Magic-Price (The Crown of Stones #1)

Write on: Wed, 28 Nov 2018 by  in SPFBO 2018 6608 comments Read 144528

“I was a weapon. Somehow, I’d forgotten that.”

Ian Troy is a Shinree, the only one among his once glorious race that is not drugged and kept docile in order to suppress his magical powers. Still, he is a slave in his own way. Kept on a leash by the kingdom of Rella, compelled to protect her when the need arises, Troy is a weapon. Until that fateful day came, and the world tasted the might and disastrous effects of his magic. Now a sword for hire, he hunts bandits and brigands until the same war he stopped at a terrible price erupts once more, this time more cruel and devastating. The enemies are savage, bent on conquering the continent through massacres and magic long forgotten. Amidst chaos, nightmares, questionable alliances and slaughters of the innocent, Ian must determine his place in the power struggle, enhance his abilities and choose what he is fighting for.

 “I’m not a hero. I never was.”

Ian Troy is not a hero. His story is not an epic quest of a noble man trying to help those in need. He has his moments, but mostly Troy’s head (and life) is a really dark place. Magic-Price is an adult, raw fantasy read that narrates exactly what the title promises: the aftermath of choices that resulted in devastation, and the price of using an infinite amount of magic, a price that haunted Troy for years and shaped him to the person he is. Troy was not easy to like; he kept making rash and foolish decisions and feeling bound by attachments what were not well-founded. Personally I preferred Malaq with his hidden agendas and Jarryd with his devotion, they were great secondary characters and have the potential for exciting storylines.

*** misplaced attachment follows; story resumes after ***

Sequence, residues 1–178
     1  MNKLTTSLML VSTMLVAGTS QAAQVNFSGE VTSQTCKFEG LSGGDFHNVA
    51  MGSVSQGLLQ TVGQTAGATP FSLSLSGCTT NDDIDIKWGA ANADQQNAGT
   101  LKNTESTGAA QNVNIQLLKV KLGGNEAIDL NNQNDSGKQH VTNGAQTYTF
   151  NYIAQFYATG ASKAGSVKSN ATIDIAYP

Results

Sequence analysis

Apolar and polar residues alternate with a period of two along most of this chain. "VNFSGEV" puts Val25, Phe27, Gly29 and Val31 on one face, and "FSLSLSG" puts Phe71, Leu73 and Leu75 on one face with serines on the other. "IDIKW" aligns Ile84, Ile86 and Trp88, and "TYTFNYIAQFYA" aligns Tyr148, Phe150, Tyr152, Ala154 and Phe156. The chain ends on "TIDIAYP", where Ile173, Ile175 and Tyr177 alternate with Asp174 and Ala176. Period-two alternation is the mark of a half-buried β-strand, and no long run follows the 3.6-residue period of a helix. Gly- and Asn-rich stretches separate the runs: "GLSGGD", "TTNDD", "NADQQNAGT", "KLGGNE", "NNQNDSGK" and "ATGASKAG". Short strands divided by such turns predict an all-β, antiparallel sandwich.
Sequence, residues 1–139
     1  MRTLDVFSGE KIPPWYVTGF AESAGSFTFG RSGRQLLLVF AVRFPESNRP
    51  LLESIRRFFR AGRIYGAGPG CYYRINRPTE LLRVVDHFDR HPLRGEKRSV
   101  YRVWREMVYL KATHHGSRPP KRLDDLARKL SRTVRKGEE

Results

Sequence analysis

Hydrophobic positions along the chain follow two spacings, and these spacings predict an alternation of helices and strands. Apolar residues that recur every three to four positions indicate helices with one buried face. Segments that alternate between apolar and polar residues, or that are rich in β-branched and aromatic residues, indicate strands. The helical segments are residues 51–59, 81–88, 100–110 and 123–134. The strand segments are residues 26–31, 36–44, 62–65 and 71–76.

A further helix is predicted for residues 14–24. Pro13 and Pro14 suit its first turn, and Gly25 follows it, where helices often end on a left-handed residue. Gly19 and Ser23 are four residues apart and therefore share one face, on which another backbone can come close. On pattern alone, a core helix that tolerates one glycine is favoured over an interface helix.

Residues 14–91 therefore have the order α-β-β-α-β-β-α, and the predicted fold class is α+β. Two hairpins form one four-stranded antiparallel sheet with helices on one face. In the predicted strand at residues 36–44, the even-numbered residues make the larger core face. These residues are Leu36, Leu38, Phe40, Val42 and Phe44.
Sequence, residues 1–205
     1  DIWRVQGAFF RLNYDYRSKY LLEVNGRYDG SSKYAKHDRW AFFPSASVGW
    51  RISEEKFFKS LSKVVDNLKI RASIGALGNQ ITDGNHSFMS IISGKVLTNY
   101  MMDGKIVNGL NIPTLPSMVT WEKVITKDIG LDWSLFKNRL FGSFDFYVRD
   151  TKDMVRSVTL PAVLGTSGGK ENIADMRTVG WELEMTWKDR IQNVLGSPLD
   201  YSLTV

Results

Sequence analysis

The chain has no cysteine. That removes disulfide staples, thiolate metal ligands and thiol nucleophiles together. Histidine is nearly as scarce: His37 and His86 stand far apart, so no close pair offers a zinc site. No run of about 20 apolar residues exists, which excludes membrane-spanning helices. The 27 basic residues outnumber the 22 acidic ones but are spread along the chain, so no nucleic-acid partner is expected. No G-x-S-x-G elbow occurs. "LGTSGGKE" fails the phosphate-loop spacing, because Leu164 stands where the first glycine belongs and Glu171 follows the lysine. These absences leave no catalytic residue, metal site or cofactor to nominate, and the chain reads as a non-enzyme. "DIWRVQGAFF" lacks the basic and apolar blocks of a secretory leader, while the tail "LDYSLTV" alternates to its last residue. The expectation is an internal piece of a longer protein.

However, I can’t help but admit that Troy’s story was a gripping one. A curious thing happened with Magic-Price; there were times I was rather bored, and then there were times I couldn’t put it down. C.L. Schneider with her deft hands crafted a solid world, without gaps and holes. With the exception of the magic system that occasionally confused me, the war, the politics, the inner demons that haunted Troy and ravaged his sanity were well-depicted. His world was a bleak one, reeking of desperation, fear and power abuse. It was mature and brutal, with a heavy dose of action and sinister villains, and I must commend the author because while reading Magic-Price I couldn’t tell that it was a debut, it seemed like the work of an experienced writer.

My biggest issue with Magic-Price, though, was the treatment and representation of the female gender. The women had only three uses: pleasure, rape and backstabbing. On the one hand there were several occurrences and mentions of rape or/and attempted rape that made my stomach twist, and on the other hand every single female character lusted over Troy. I wanted empowering women, I wanted strong and independent women who were not overridden by carnal desires or chose the wrong side for misguided sentimental reasons.

All in all, Magic-Price, with its perks and flaws, is an interesting, solid story that leaves a lasting impact on the reader. I wish C.L. Schneider all the best in the competition and her future endeavors.

Last modified on Wednesday, 28 November 2018 08:09

There are two things Katerina can't live without; books and chocolate. And since she needs money to acquire them, she decided to become a lawyer (and she still wonders whether this was a good idea). When she's not reading, she keeps wishing she was reading, about wars, wizards, dark princes and great romances. Her favorite genres are Fantasy (both YA and Adult) and Contemporary Romance.


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